Asociación VISION para el Desarrollo

PMD Pro: an affordable opportunity 

 

The Asociación VISION para el Desarrollo (ASOVID) is a Guatemala-based nonprofit and training organization. Working in rural and urban areas, it creates the means by which women and men from vulnerable communities can enhance their potential, using their skills and resources to promote development activities and create a better future.

 

To achieve this, ASOVID works with NGOs and civil society groups to strengthen their organizational capacity, and also directly with communities to maximize the impact that local people are able to achieve through development and innovation. At the heart of all of ASOVID’s work is a strong focus on enhancing gender equity between women and men, as well as respect for the environment and cultural diversity.

 

“We have used PMD Pro effectively in our own organisation, and also in the training of other NGOs in Guatemala”, says Delia Urrutia, President of ASOVID, who attended a LINGOs training event (funded by the Inter-American Development Bank). “One of the things that makes PMD Pro so successful is because the tools are so easy and practical to apply.”

 

“It has also created a common language for talking about projects enabling us, and others, to communicate about projects in the same way,” she continues. “Clearly, if just one person in an organisation is trained, it will improve their skills, but the full benefits of the PMD Pro approach will not be realised unless everyone in an organisation is trained using the same methodology.”

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Encounter with the participants from different training groups.

“When we started the training on PMDPro, we thought it would be a huge challenge to reach NGO and civil society groups in Guatemala,” says Delia. “When we ran our first training course in PMD Pro, we only had 10 participants and were sad about this. However, word quickly got around that PMD Pro was highly appropriate and offered practical solutions for development professionals.”

 

Many of the organisations that ASOVID works with are small and cannot afford to send staff on project management courses that can last a whole week. Some also had concerns about the ‘virtual’ nature of PMD Pro, fearing that it would mean having to watch videos and take online modules. “They like PMD Pro because their staff can focus on developing their skills for an hour or two each week, which saves them time and money, and they realize the virtual training is interactive” she says.

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PMD Pro learner during her virtual training.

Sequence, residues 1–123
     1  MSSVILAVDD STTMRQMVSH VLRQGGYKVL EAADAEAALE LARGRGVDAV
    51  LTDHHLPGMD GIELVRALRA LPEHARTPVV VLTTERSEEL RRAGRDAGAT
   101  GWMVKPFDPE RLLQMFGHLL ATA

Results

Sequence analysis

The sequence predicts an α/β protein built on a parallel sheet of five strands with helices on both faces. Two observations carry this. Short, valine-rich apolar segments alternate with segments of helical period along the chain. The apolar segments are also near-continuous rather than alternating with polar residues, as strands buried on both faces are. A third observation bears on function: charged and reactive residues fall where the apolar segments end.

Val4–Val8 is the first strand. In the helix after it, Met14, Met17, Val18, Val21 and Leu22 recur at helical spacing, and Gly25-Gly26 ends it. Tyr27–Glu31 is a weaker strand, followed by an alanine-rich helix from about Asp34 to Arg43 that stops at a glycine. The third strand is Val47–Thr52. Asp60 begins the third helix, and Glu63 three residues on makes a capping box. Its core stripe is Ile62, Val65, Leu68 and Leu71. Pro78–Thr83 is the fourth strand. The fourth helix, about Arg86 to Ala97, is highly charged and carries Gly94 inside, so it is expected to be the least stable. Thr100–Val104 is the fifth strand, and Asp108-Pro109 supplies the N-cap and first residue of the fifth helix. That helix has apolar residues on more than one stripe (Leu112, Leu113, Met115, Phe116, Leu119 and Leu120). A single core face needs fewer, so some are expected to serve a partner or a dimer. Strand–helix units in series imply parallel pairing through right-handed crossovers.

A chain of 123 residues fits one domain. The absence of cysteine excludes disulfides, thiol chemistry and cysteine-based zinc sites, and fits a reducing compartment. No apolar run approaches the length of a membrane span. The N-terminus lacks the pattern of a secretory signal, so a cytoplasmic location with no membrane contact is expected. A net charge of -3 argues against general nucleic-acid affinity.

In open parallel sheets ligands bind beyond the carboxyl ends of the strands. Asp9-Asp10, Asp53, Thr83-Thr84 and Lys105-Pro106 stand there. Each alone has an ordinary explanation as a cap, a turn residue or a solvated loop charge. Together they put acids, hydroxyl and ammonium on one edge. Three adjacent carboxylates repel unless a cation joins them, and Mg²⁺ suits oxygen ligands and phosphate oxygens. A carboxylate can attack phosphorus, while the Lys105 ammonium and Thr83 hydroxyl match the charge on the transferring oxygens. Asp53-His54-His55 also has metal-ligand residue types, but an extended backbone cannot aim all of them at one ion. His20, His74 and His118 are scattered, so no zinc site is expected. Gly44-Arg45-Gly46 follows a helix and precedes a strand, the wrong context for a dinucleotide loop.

“We have been surprised and pleased that so many people have taken to PMD Pro. Close to 400 people had been trained, and near a 50% of the people who took the exam, is certified,” says Delia. “Some of the organisations that we have trained are now very close to us. In fact, we have met up with virtual trainees from eight organisations to keep in touch with each other and share experiences.”

 

ASOVID always gather feedback after their training events, and keep in touch with organisations in the long-term. “All express satisfaction with the methodology and process,” says Delia. “They like PMD Pro because the methodology is very easy to understand. It provides a logical framework to the way that projects are set up, and people who have been through the course often say: ‘I understand now, before we saw our projects as different pieces, and how we can see it as a whole process.’”

 

During a virtual training (Blackboard view)

During a virtual training (Blackboard view)

This year ASOVID is developing an exciting pilot project to empower and enable young people to develop small businesses. “Unemployment is a big problem in Guatemala and we want to provide a means by which our youth can gain the skills to become future entrepreneurs,” says Delia. “We initiated a call for 150 young people to pitch an idea for a small business, and from this, selected 25 with potential to take into the next phase. We used PMD Pro tools to enable them to develop their ideas into business plans and have since six winning projects to turn into sustainable enterprises. We are now working with these young people to turn their idea into reality by instilling professional ways of working, and exploring finance and future partnerships that they will need to succeed.”

 

—Delia Urrutia,
ASOVID President & Legal Representative